As another bonus I learned that Larry’s design required more cameras than I had given him and that he had filled in the blank with some donated cameras from his friend Don Hamilton. Don is a phenomenal photographer and filmmaker that I have known for over 20 years and I was delighted to have something from him added to this work.
Larry describes the piece on his website as, “A knot of photographic technology. The light comes from within: ten cameras, all with shutters locked open, LED lighting inside each. Oil gauges converted into lanterns, wood forms for steel gears, film reels, globe ring, fine photography laminated on driftwood, 3 flash units and working light meter.”
We paid Larry for the Art and made promises to get together as soon as the stay home order was lifted. I left the sculpture in the studio for several weeks as I tried to figure out where the best place to hang it would be. That was a problem. The piece ways over 30 pounds and hangs on a French cleat. We had to find a wall that we could mount the cleat directly to a stud and it would have to be centered within the space it hung. Our old house didn’t seem to have any studs in the right place for hanging the sculpture!
I thought about hanging it in the studio where it looked stunning against the backdrop of studio lights but there would be challenges running power to the only part of the studio where it would fit and then it wouldn’t be seen on a daily basis by Sarah who doesn’t spend as much time out there as I do and our dinner guest wouldn’t see it either.
After three weeks of contemplation I finally decided that the best place to hang it was downstairs in my office outside the darkroom door and the guest room/wine cellar. It inspires me as I work each day and Sarah gets the pleasure of seeing it whenever she goes to the wine cellar to collect a bottle. Since this space is between two doors I knew there was a stud wall in the center and sure enough it was there! I also had an outlet for the cord to hang straight down.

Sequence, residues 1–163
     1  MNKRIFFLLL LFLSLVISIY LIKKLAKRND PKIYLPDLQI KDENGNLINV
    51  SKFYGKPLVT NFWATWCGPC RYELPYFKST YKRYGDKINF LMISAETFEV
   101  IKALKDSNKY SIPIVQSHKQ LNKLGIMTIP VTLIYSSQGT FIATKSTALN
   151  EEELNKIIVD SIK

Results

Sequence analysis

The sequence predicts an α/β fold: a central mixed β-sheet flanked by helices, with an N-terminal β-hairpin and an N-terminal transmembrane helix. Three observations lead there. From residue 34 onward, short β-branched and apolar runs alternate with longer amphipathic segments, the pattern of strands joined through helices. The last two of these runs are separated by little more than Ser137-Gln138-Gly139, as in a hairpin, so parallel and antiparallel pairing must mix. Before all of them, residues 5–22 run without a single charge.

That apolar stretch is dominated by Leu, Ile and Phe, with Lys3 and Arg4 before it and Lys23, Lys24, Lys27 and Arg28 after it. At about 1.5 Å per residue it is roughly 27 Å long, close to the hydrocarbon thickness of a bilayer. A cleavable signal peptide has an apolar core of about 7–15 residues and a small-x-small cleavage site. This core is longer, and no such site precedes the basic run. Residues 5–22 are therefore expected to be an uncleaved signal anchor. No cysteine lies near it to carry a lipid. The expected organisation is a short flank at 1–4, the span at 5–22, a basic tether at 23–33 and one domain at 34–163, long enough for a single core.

It has already gained a lot of attention as it sits in the background for every Zoom video chat I do. The first meeting I had after hanging it I asked my colleagues if they had any questions after a presentation and the first question was, “what is that fascinating object in back of you!”
When Larry had dropped off the piece he asked if I had seen the video profile that was done on him a few months before. I hadn’t seen it and as it turns out it’s a good thing too. It would have spoiled the surprise! I just watched the video for the first time yesterday and it was wonderful to see the way he fabricated the piece.
Sarah and I really love this piece and we both share in the joy of artmaking together. Larry’s artwork provides a wonderful backdrop of inspiration to us both.
Here is the video profile of Larry and his work.
To see more of Larry’s work go to: https://larryellingson.com